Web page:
The online reference generator RefMe has released a survey detailing US students' attitudes toward plagiarism, finding that most students take the responsibility to generate original content seriously.
The survey found that 3 out of 4 US students are concerned about citing sources correctly. Today, students have access to automated citation tools that help them cite quickly and correctly to avoid plagiarism altogether. Still, 60% of students who use RefMe report being concerned about plagiarism; that number increases to 75% for students who do not use online citation generators. Only 6% of students report that their peers are "not at all concerned" about plagiarism.
According to the survey, the results demonstrate the importance of citation management. 61% of non-RefMe users report having lost points for citing incorrectly. The most common errors students lost points for over citation were using wrong citation style (44%) and formatting incorrectly (54%).
Far fewer students are being marked down for failing to cite sources. Instead, they are losing points for citing sources wrongly. Thus, RefMe allows students to generate fully-formatted citations in over 7,500 styles, including the most popular: MLA, APA, and Chicago.
The survey also found that there is a widespread desire for more information about citation. Few academic classes specifically go over citations; it is often viewed as something with which students must familiarize themselves. Only 40% of students agreed that they have received enough information about citations, while 60% actively wants more information about citation processes and styles.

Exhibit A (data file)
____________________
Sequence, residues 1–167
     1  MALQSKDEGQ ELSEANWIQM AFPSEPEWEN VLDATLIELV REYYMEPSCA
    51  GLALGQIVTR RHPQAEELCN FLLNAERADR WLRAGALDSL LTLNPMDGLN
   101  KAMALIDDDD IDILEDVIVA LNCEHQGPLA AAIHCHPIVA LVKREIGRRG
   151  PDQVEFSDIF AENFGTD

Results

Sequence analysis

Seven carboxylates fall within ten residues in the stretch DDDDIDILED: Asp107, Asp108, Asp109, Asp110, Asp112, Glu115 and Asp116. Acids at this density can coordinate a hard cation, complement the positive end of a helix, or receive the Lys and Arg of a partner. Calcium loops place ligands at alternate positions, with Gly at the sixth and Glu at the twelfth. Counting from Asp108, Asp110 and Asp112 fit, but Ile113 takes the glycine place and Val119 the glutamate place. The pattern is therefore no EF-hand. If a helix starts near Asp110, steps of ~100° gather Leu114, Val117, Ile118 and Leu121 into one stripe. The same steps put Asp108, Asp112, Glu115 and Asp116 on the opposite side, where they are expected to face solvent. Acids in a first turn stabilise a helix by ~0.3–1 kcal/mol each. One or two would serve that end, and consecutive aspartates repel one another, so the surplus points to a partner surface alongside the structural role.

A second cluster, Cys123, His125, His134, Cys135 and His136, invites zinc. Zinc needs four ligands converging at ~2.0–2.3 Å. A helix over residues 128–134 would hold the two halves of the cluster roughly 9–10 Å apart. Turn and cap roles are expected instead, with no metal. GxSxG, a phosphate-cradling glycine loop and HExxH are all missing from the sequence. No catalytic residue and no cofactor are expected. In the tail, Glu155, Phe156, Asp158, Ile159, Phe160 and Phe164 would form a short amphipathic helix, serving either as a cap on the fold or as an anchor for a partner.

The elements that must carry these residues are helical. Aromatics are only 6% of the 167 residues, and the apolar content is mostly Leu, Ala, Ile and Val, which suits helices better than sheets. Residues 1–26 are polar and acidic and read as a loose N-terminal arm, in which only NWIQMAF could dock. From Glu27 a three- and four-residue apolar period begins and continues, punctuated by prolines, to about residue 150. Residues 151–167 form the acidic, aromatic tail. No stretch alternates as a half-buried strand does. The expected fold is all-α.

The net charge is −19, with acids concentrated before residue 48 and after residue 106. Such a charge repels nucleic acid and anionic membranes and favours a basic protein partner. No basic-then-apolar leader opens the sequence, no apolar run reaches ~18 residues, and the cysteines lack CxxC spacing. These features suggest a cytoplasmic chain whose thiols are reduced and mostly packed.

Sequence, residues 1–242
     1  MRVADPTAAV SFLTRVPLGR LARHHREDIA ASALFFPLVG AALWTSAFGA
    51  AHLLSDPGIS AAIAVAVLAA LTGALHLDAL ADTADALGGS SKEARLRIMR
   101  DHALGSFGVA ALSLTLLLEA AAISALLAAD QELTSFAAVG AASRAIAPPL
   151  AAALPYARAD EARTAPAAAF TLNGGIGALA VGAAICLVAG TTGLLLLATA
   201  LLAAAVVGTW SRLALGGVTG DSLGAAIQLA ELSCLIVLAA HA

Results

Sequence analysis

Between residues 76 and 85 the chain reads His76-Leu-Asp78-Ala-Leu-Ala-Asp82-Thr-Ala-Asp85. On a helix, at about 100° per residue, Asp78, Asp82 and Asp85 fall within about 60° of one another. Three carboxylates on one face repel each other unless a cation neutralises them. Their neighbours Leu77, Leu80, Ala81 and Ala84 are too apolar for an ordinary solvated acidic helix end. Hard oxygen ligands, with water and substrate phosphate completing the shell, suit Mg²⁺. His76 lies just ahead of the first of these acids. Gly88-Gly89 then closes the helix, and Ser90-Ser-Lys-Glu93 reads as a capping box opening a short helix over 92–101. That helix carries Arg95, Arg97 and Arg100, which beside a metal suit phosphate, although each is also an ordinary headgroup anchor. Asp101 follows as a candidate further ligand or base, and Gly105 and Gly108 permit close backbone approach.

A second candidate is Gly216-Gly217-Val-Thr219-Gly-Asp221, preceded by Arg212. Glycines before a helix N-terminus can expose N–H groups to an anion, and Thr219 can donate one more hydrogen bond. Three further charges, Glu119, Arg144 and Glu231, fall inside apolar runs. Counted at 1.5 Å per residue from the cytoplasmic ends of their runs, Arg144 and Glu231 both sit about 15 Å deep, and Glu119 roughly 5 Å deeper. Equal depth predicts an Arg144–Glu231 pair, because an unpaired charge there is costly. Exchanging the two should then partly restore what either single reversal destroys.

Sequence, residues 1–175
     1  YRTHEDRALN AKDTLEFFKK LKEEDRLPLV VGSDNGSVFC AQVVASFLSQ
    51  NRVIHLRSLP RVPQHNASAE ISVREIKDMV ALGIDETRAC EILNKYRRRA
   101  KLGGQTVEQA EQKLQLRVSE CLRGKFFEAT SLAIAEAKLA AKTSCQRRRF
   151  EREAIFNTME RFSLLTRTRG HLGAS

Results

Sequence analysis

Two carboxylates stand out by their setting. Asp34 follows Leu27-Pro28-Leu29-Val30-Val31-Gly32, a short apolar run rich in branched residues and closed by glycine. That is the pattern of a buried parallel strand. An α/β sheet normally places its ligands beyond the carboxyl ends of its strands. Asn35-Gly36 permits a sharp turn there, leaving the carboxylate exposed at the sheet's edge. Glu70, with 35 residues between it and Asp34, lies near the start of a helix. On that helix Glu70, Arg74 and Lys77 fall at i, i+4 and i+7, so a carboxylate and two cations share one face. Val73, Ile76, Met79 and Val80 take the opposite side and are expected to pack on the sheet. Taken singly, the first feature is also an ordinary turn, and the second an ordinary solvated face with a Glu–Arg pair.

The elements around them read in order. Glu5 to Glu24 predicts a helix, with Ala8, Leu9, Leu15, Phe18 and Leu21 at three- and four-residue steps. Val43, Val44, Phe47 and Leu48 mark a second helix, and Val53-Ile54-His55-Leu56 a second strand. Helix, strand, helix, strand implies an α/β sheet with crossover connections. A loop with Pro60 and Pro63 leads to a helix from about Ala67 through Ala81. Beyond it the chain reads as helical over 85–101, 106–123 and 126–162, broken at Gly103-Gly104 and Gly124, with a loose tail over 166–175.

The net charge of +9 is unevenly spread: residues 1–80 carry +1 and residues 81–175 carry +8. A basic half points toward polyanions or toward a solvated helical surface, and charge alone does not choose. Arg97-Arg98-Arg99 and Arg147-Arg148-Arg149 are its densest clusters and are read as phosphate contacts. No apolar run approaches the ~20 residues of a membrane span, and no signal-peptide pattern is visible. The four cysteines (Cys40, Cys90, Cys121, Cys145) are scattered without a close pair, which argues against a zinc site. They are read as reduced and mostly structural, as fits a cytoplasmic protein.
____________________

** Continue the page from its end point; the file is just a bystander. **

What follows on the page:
Students are not unaware, however, of the serious consequences plagiarism can have on their academics. 82% of students rightly think that plagiarism can result in their suspension or expulsion from college, while another 82% recognize that it can negatively impact their grades. In the severest cases, plagiarism can also lead to legal prosecution. Currently, universities are experiencing a plagiarism epidemic, and analysts believe that students are more often than not unknowingly committing plagiarism. Thus, universities should devote more resources to teaching students the dimensions and kinds of plagiarism.
The survey was conducted in February 2016 and received 2,111 students responses.
Some students engage in a practice called "ghost-writing" in which they outsource a paper for a price through an online platform. A ghostwriters' charge for a paper is somewhere between $10 and $50 per page – the price being dependent on things like deadline, length, and anticipated difficulty. Reports find that California, Texas, and New York are the most popular regions for students commissioning ghostwriters. Ghostwriting is an active and serious form of plagiarism.
Despite the lack of knowledge, findings show that students are gradually turning toward technology to avoid plagiarism. 65% of students report that they have used an online citation tool at one time or another, and another 49% say that they use a plagiarism checker before submitting their work. In some cases, professors will run their students papers through online checkers to determine whether or not any having committed plagiarism. The report concludes by urging students to turn to online sources like RefMe in greater numbers to avoid the consequences of plagiarism.
For interested readers, RefMe's full report on plagiarism is available online.